The key is the A tag (also known as the anchor tag) and the name parameter with a hash in the url. The trick is to either dynamically create the element or to just change the value of the name parameter to the matching value of the hash.

Below is an example of changing the name of the anchor tag.

//Anchor Rename Object this could also be a simple function if preferred.
var AnchorRename=new Object();
AnchorRename.CreateObject=function(anchorname, anchorid){
	this.anchorid=anchorid; //This is the id of the anchor element
	this.anchorname=anchorname;
	this.RenameAnchor(anchorname, anchorholerid);
};
AnchorRename.CreateObject.prototype={
	RenameAnchor:function(anchorname, anchorid){
		document.getElementById(anchorid).name = anchorname;
	}
};

In this example you would pass in the new value of the name (which must be the same value as after the hash in the url) and the id of the anchor element.

Below is an example of dynamically creating the tag and name values.

//Anchor Rename Object
var AnchorRename=new Object();
AnchorRename.CreateObject=function(anchorname, anchorholderid){
	this.anchorholerid=anchorholderid; //This is the id of the element to hold the new anchor
	this.anchorname=anchorname;
	this.RenameAnchor(anchorname, anchorholderid);
};
AnchorRename.CreateObject.prototype={
	RenameAnchor:function(anchorname, anchorholderid){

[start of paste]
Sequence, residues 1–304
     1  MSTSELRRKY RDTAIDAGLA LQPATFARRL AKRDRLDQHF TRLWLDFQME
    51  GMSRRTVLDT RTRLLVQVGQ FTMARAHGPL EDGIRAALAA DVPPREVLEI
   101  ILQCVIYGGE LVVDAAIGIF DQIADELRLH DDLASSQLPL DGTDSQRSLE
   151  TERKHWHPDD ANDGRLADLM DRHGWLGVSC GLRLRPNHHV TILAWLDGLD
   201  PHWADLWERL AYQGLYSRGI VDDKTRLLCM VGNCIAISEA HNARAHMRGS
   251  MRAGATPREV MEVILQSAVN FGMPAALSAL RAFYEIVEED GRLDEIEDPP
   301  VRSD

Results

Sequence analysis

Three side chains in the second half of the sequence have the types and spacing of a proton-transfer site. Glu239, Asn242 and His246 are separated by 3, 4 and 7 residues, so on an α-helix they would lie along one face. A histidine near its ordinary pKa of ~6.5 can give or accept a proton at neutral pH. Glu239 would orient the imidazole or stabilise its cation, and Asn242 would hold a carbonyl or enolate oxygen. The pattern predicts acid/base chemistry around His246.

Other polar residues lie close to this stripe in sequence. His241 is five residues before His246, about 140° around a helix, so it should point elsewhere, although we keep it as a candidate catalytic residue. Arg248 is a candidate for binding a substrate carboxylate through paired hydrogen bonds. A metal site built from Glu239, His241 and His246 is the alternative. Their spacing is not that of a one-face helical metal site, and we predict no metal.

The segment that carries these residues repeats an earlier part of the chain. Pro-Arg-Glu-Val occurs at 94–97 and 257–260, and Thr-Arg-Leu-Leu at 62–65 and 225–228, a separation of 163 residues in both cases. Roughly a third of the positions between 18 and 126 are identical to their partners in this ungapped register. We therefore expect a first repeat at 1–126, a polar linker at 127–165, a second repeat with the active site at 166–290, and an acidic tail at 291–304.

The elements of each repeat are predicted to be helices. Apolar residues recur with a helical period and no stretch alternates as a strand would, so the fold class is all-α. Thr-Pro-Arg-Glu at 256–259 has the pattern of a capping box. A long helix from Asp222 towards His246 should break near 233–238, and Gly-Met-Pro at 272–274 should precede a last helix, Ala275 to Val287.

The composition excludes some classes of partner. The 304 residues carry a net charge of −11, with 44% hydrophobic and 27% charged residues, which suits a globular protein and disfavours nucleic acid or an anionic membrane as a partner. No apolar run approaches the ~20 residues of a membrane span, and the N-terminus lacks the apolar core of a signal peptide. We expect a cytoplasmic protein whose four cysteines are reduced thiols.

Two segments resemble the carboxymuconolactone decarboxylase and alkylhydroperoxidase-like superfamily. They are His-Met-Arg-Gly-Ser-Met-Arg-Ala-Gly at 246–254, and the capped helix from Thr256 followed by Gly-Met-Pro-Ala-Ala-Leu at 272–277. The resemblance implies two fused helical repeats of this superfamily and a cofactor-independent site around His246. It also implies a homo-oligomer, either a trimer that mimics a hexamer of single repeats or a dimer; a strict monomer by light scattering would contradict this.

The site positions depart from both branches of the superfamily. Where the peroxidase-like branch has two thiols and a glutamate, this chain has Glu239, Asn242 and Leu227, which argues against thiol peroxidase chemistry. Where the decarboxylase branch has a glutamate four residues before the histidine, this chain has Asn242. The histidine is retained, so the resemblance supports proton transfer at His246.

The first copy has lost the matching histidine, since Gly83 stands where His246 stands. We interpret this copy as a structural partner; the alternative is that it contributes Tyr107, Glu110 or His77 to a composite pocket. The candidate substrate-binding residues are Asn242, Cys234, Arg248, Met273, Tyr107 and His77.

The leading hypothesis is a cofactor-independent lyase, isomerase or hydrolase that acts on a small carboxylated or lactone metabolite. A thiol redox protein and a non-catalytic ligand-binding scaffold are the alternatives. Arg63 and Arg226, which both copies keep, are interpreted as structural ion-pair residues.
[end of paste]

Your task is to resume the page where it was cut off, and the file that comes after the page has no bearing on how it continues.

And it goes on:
var AnchorCode=document.createElement("a");
	        AnchorCode.setAttribute("name", anchorname);
		document.getElementById(anchorholderid).appendChild(AnchorCode);	       
	}
};

In this example you would pass in the new value of the name (which again must be the same value as after the hash in the url) and the id of the anchor element.

Now the question that you may be asking is how does creating or renaming the anchor element help with fixing the back button. That is where when you call the object comes into play. You need to create or rename the object before a link is clicked. So, I would recommend using an onmouseover and an onfocus event to call the create or rename of the element so that before a link is clicked the required anchor element will be created.

I hope that this post has shown an easier solution to fix the back button problem that occurs when we create Ajax applications. Now go out there and try using it on your applications!

Update: I have posted a working example of this solution and it can be read here.